One of the highlights to the event was the announcement that Motorola is going to care about the “tinkerers and hackers” in the Android game. They will release developer edition phones with unlockable bootloaders, since the whole hacking scene is part of the draw for many to Android. The only problem is, you can’t buy one of these at a subsidized price and will instead have to fork out anywhere from $550 to $650 for one. I appreciate there being options like this, but not everyone has $700 lying around or is willing to save up that kind of cash to spend on their next phone. Plus, at that kind of price, I can’t imagine there will be enough in the wild to create much of a developer scene. The majority of RAZR HD owners will likely buy the phone on contract at $199 and then hope that someone can root it and eventually figure out how to get recovery on there for custom ROM flashing.
Nothing will change from the scene today, but this way, Motorola and Verizon can say, “We gave you an option.” Just seems half-assed at this point. If they really want to support developers, then they should release a bootloader unlock tool for all of their phones and then make it clear that if you unlock, you void your warranty. Keep track of MEIDs that are unlocked and refuse to support warranty claims that were willing to roll the dice. That’s giving people a choice.
Odds and Ends
- Jelly Bean Updates: Woodside understands that the update process is broken. He talked about Jelly Bean updates coming before the end of the year for most of their phones. He also introduced a $100 credit for those that bought phones this year that won’t be upgraded to Jelly Bean. They want you to be current and are giving you an incentive to stay with Motorola.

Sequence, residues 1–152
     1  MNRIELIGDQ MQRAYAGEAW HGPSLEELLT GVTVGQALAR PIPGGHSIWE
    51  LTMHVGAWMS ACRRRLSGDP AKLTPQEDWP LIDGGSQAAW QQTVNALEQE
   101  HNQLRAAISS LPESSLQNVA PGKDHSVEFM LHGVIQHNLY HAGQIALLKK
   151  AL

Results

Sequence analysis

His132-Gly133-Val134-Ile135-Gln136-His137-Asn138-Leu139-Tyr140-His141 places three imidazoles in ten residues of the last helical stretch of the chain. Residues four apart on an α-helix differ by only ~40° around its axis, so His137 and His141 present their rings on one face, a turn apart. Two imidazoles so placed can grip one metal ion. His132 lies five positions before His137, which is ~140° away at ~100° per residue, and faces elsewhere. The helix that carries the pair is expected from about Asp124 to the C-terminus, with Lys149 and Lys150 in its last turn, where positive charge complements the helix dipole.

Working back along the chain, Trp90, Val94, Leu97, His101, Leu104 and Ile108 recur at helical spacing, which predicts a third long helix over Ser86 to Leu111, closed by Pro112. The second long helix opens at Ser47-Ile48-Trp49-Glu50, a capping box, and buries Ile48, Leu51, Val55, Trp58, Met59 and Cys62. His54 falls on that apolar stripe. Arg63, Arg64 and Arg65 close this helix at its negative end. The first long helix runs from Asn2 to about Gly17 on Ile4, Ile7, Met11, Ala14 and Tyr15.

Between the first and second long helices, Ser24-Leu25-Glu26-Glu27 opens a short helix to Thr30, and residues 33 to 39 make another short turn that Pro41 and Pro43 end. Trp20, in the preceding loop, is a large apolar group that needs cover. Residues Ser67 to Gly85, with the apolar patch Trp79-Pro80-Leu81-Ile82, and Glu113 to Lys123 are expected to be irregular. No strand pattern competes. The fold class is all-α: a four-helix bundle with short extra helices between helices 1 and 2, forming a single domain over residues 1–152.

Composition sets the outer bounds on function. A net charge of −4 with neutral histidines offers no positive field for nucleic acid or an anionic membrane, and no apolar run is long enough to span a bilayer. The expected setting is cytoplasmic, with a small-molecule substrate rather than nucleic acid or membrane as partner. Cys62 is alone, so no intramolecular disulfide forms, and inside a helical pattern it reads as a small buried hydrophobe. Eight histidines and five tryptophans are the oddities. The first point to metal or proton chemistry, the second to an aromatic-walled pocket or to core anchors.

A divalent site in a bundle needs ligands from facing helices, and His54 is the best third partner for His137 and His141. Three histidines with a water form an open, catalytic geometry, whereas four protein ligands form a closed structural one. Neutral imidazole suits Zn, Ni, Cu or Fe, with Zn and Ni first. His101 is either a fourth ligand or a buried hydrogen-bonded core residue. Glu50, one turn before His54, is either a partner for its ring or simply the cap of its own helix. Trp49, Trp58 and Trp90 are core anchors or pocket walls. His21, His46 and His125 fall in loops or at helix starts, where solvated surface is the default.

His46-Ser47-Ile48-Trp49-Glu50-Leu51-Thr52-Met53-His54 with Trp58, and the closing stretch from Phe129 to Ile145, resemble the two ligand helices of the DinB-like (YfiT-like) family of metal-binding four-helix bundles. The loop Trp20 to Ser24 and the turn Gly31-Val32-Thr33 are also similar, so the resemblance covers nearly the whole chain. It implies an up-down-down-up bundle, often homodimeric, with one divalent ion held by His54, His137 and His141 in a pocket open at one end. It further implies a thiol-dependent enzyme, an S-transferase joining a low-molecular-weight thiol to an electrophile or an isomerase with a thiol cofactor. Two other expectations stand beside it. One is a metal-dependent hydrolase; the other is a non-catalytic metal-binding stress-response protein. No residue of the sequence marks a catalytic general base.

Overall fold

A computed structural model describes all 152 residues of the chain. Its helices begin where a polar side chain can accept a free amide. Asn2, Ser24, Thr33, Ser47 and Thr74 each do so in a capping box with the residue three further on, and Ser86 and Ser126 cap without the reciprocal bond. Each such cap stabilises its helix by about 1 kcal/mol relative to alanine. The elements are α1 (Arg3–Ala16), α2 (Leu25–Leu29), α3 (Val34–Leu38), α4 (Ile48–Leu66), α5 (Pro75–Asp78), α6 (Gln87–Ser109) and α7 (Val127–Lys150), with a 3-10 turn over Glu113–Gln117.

- Battery Life: I really do love Motorola’s focus on battery life. Even though we are entering an era where processors are efficient enough to give you good battery life anyway, we should get even more life out of a single charge thanks to the magic that Moto is tossing into phones. The batteries are thinner, bigger, and last a hell of a lot longer. I’m still not sure why we need a RAZR HD and a RAZR MAXX HD, though. Just make one phone and call it good.
- End of Sanjay’s Moto: I can’t help but think that these phones were the last from former CEO Sanjay Jha. I wouldn’t be surprised if the 2013 Moto phones look and feel nothing like what we were introduced to yesterday. Since phones take months and months to plan and create, this is what Woodside and the new crew were left with, so they are trying to make the most out of them. Next year, it should get really good.
At the end of the day, I’m still excited to give these new RAZRs a spin. Official opinions can’t ever be formed after watching a live press event over YouTube. But beyond the products, I think what I’m more excited to see, is what Dennis Woodside and his crew can do with this company that we have all wanted to love for the last two years, but were unable to after watching them make horrible decision after horrible decision. Moto should have a bright future, we just need to get out of 2012 to see it.